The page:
Author and recreational linguist Dmitri Borgmann came up with this sentence, in which each word is exactly one letter longer than the one before it. The sentence contains twenty words, and although it’s a little confusing to read, if you take the time to analyze it, you’ll notice that it actually makes complete sense.
This sentence plays off the fact that ‘saw’ is both a noun and the past tense of the verb ‘to see.’ It could mean that the hammer allowed the blind man to regain his eyesight, or that he uttered the phrase while picking up two tools.
Isn’t it confusing when one word has two different pronunciations? For this (completely true) sentence to make sense, try reading it like this: “Reed rhymes with leed, and red rhymes with led, but reed and led don’t rhyme, and neither do red and leed.”
It sounds like something a very drunk sailor might say, but this sentence actually isn’t missing a verb. In this case, the word ‘man’ is a verb meaning to take one’s place for service, and ‘old’ is used to mean a collective group of old people
This collection of words is a simple one, but its sole purpose is to take you on a chronological journey of words while making you uncomfortably self-aware. I feel like this belongs somewhere in The Matrix.
Is there a new breed of insect called a Time Fly that enjoys arrows? Or does fruit have the ability to soar as bananas do?
Groucho Marx came up with this witty joke, and while it might be cheating since it requires two sentences for the humor to come through, the first sentence is the one we need to pay attention to. The modifier ‘in my pajamas’ is thought to mean that the subject was in his pjs when he shot an elephant, but when Groucho clarifies himself, we learn that the truth is actually even more bizarre. This is a great example of how a sentence can completely change its meaning based on how we group the words together in our mind.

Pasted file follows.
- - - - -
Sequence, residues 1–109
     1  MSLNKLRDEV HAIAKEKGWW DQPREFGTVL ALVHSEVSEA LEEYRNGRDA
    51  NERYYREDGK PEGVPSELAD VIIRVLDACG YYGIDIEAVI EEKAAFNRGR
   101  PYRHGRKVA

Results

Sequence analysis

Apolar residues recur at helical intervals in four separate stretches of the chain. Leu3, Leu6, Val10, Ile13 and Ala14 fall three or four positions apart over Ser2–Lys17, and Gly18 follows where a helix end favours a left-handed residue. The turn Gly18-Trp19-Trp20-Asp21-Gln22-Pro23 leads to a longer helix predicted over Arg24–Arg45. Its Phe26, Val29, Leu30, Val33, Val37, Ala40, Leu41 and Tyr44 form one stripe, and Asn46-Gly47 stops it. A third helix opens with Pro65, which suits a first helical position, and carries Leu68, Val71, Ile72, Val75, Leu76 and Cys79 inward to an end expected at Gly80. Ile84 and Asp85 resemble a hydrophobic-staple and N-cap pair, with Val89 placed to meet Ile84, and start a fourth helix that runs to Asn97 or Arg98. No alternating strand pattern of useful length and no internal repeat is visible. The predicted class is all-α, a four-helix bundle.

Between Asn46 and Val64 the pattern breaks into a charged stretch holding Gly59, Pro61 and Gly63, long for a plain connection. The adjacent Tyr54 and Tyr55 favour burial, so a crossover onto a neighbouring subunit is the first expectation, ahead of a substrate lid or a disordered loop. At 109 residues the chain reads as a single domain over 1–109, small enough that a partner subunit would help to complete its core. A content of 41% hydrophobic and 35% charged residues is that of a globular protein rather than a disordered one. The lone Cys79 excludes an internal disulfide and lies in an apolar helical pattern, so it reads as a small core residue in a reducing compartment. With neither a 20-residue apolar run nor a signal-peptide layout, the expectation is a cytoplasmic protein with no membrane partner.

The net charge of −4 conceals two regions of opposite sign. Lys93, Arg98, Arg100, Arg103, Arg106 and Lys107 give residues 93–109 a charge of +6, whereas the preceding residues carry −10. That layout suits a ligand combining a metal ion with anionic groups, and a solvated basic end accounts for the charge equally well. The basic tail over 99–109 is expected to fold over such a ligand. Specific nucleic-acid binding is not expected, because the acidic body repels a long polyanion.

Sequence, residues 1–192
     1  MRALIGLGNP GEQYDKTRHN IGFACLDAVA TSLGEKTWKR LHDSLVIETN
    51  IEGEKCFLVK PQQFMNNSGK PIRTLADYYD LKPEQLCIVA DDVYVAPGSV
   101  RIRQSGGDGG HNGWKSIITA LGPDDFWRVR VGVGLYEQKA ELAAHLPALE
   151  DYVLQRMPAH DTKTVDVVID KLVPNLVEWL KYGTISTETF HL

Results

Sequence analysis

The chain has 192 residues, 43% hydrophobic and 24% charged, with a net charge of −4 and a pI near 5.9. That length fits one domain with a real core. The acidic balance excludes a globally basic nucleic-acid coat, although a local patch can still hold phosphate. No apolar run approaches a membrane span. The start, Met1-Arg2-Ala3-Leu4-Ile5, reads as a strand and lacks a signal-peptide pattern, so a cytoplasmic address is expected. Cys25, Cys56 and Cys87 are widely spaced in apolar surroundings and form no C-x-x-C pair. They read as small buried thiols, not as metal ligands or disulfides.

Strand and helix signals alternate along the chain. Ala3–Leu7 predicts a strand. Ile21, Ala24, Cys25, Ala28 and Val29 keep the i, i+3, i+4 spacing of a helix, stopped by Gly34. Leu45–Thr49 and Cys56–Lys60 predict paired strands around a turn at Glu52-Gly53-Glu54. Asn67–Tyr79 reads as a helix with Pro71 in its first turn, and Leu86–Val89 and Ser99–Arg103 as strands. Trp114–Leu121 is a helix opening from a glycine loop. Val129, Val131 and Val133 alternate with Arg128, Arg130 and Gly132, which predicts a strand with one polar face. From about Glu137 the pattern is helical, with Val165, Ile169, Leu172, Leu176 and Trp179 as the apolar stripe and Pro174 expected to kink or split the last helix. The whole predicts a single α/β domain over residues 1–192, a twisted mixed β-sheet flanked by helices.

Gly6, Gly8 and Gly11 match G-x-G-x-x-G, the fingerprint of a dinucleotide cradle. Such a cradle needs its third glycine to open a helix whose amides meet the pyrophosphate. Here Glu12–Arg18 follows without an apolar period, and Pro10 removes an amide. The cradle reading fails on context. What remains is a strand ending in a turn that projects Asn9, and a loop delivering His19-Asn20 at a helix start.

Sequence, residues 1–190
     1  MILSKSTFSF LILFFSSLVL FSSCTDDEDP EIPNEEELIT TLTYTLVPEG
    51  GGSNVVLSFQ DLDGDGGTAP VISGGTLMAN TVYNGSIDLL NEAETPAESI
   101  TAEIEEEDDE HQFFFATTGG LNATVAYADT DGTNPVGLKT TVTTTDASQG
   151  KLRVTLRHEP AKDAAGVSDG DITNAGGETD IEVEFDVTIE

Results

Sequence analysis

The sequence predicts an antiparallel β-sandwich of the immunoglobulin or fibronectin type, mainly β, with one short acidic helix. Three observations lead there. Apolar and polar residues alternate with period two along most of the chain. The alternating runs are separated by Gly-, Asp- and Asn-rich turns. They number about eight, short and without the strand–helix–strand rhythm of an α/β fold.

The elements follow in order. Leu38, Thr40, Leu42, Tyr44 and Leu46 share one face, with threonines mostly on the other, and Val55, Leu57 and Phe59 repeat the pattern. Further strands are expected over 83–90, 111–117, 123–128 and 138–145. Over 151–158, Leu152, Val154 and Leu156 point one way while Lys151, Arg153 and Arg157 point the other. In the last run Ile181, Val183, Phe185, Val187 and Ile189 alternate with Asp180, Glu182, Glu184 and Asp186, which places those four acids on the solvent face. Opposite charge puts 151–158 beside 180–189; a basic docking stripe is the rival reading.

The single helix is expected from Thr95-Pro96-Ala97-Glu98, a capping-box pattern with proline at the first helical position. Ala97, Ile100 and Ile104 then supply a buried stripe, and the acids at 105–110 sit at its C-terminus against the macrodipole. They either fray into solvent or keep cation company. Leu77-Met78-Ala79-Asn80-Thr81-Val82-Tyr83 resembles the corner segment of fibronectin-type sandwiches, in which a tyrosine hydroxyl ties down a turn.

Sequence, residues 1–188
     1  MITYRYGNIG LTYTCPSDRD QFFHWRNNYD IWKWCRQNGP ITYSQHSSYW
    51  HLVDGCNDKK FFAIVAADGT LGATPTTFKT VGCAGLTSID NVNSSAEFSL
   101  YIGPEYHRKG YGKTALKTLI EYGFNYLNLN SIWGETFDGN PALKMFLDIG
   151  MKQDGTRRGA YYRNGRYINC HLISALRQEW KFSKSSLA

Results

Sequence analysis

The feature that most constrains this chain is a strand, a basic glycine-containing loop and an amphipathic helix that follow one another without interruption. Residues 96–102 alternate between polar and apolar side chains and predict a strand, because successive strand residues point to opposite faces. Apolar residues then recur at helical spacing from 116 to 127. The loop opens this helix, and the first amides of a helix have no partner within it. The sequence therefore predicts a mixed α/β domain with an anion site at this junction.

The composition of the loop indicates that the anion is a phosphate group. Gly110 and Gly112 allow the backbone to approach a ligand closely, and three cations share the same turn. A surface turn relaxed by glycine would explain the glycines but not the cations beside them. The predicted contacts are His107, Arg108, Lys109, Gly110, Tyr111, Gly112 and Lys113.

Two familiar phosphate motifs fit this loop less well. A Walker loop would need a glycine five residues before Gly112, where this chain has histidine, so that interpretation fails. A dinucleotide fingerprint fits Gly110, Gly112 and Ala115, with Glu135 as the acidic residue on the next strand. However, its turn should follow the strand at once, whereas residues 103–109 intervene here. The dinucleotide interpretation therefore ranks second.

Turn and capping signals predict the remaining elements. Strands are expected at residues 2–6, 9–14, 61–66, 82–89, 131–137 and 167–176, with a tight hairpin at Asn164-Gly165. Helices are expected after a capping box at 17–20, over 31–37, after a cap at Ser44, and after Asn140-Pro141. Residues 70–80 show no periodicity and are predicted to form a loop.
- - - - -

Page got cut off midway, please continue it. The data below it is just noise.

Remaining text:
If you imagine a scenario in which you have a rock to either side of you, this sentence makes perfect sense. The first instance of ‘left’ and the second instance of ‘right’ indicate the location of the rocks. The first instance of ‘right’ means ‘correct,’ and the second instance of ‘left’ is talking about the rock that remains.
As it turns out, the famous actor and rapper’s name is made up of two verbs. The first possible combination asks if the Fresh Prince is going to take up forging armor as a hobby, while the second one affirms it.
Ah, the magic of phrasal verbs. To a non-native English speaker, “to chop down” and “to chop up” seem like they would be direct opposites (and might inspire some interesting mental images). Those who really know the language are aware that chopping something down means to hack at it until it falls, while chopping it up means to cut it into smaller pieces.
Noam Chomsky came up with this grammatically correct, but nonsensical sentence in order to prove that syntax and semantics are two very distinct things. You’d probably never hear these words spoken in this order in actual conversation, but all of the words are used correctly. This fascinating video uses this technique to show us how English sounds to people who don’t speak the language--- it sounds like it makes sense because the structure is the same as what we’re used to, but because the words would never be found in that order, we don’t understand what’s being said.
This is a completely grammatically correct sentence, and it makes a little more sense when you learn that ‘buffalo’ is not only an animal and a city in New York, but also a verb meaning ‘to bully or intimidate.’ If you still can’t wrap your brain around it, here’s an explanation: Buffalo buffalo (bison from Buffalo NY) [that] Buffalo buffalo buffalo (that the bison from Buffalo NY bully) buffalo Buffalo buffalo (are bullying bison from Buffalo NY).